By Michelle Quinn East Bay Times
WWR Article Summary (tl;dr) This article out of the East Bay Times takes a look at how several social entrepreneurs worldwide are tapping into a pool of more than 100 tech industry veterans who serve as mentors and offer free advice from the trenches.
East Bay Times
Every Friday morning, Jessie Becker hops on the telephone to talk to her Silicon Valley mentors about her startup.
Becker isn't making the latest smartphone app or the newest fintech service. She is working on a device that will prevent women in developing countries from dying of postpartum hemorrhaging.
Through Santa Clara University's Global Social Benefit Institute, Becker, whose company InPress Technologies is in Mountain View, is one of several hundred social entrepreneurs worldwide who have tapped into a pool of more than 100 tech industry veterans who serve as mentors and offer free advice from the trenches.
What Becker gets from her mentors is not how to make her device or how to go through clinical trials. Instead, they pepper her with questions about everything else that will make her effort a success -- what is the size of the potential market, what she should think about as she seeks financing, how she should elevate the company's messaging.
This is the stuff that will determine whether InPress will succeed or fail.
Silicon Valley is known for its ability to nurture ideas from the small seedling stage and scale them into towering giants. That know-how is needed as well in the field of social entrepreneurship, where many first-time founders with enthusiasm often attempt to do too much as they aim to fix an intractable social problem.
"The pool of talent that exists locally is an enormous asset," said Jim Bildner, chief executive of the Draper, Richards, Kaplan Foundation, which recently announced its third fund -- $65 million -- to back 100 early stage, high-impact social enterprises.
Launched 13 years ago, Santa Clara's program "recognized how valuable it is," said Bildner. His foundation doesn't have a formal relationship with Santa Clara's program. "We are in the middle of talent that is looking to mentor entrepreneurs who want to change the world."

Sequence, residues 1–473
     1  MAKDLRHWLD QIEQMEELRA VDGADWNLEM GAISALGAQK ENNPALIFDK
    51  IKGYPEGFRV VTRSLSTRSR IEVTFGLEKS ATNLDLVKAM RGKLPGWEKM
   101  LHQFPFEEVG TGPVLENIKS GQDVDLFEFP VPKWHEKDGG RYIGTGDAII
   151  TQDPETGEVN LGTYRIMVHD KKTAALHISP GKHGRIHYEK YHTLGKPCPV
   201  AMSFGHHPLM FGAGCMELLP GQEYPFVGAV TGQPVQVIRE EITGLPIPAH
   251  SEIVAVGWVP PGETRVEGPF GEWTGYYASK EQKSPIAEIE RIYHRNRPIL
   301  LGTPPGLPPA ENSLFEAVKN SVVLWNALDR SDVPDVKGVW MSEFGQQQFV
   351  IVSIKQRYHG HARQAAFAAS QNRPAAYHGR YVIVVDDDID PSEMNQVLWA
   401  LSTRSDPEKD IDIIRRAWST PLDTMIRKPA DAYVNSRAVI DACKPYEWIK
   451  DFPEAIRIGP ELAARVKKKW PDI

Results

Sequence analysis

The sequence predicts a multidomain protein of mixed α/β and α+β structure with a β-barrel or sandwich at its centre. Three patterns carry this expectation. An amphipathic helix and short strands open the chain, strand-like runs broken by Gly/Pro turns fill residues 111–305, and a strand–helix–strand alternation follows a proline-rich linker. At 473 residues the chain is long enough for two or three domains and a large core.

Social entrepreneurs often seek to bring a business mindset to social problems. They often measure their success not in just the return they make for investors but also by other metrics, such as whether they have improved the lives of the people they are trying to help.
In the 20 or so years since social entrepreneurship first caught on, an entire ecosystem has sprung up to foster these entrepreneurs at various stages, such as Santa Clara's program, which is housed at the Miller Center for Social Entrepreneurship, and the Skoll Foundation, created by Jeff Skoll, the first employee and former president of eBay. The Draper Richards Kaplan Foundation, based in Menlo Park, looks for "system entrepreneurs," people whose work aims to change the underlying systemic issues at the root of problems.
In the Santa Clara program, first-time entrepreneurs, typically outside the U.S., talk to mentors weekly via Skype. The program is now starting to export mentors to places such as India and sub-Saharan Africa, thanks to grants from General Electric and USAID, the U.S. Agency for International Development.
"It's what we do everyday when we wake up," said Pamela Roussos, a former software executive and mentor who is now the senior director of the institute. Mentors "don't necessarily understand the market targeted, but we are uncovering some assumptions that need to be tested."
For Phyllis Whiteley, a partner at Mohr Davidow Ventures and one of Becker's mentors, mentoring social entrepreneurs struck her as the right thing to do after a career of building companies.
She has helped a mobile marketing company in Brazil, a sanitary pad startup for Rwanda and a firm that hopes to use drones to deliver medicines and diagnostic tests in rural Kenya.
"Anyone who has been an entrepreneur or been investing, this is something we can really do," she said.
On a recent Friday morning call, Becker and the company's CEO, Anne Morrissey, mulled out loud how to market their device in a country like India, where women might double up in hospital beds. Resources, of course, are very tight. Should InPress make the device reusable rather than for a single use?
And they needed help navigating a potential opportunity. A well-known medical company had expressed interest in the product and becoming an investor. What should they do? Whiteley peppered them with questions.
Listening in, I wondered: We are already seeing what purports to be the largest transfer of wealth as baby boomers pass on their life savings to their heirs and philanthropy. But what about their knowledge? Will we see an explosion of people like Whiteley, seasoned venture capitalists and serial entrepreneurs, who want to give back something concrete -- the discipline of a business mindset -- to those like Becker and others in tough places solving tough problems?
If so, I am excited about what social entrepreneurs and tech alums can accomplish together.